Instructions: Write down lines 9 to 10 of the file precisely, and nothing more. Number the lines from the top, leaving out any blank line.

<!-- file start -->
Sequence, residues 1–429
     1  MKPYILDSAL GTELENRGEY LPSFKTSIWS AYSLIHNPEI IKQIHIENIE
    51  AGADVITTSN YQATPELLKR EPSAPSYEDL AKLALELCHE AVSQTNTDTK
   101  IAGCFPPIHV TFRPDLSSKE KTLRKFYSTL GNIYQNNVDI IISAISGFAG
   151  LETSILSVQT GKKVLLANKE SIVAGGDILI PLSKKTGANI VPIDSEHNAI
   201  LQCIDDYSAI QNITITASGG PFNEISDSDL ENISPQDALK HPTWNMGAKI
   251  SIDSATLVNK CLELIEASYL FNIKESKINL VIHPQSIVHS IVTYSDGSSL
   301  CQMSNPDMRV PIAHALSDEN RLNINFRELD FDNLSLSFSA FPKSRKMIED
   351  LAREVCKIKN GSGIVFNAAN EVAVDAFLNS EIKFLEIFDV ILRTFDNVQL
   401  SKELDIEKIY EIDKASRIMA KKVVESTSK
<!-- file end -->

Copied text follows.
   351  LAREVCKIKN GSGIVFNAAN EVAVDAFLNS EIKFLEIFDV ILRTFDNVQL
   401  SKELDIEKIY EIDKASRIMA KKVVESTSK